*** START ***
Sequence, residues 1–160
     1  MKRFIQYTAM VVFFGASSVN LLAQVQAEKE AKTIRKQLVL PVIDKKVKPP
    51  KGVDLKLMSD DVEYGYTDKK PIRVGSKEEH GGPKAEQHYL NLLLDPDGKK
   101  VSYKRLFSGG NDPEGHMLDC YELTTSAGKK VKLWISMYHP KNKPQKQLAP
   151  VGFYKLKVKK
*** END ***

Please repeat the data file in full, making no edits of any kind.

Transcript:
Sequence, residues 1–160
     1  MKRFIQYTAM VVFFGASSVN LLAQVQAEKE AKTIRKQLVL PVIDKKVKPP
    51  KGVDLKLMSD DVEYGYTDKK PIRVGSKEEH GGPKAEQHYL NLLLDPDGKK
   101  VSYKRLFSGG NDPEGHMLDC YELTTSAGKK VKLWISMYHP KNKPQKQLAP
   151  VGFYKLKVKK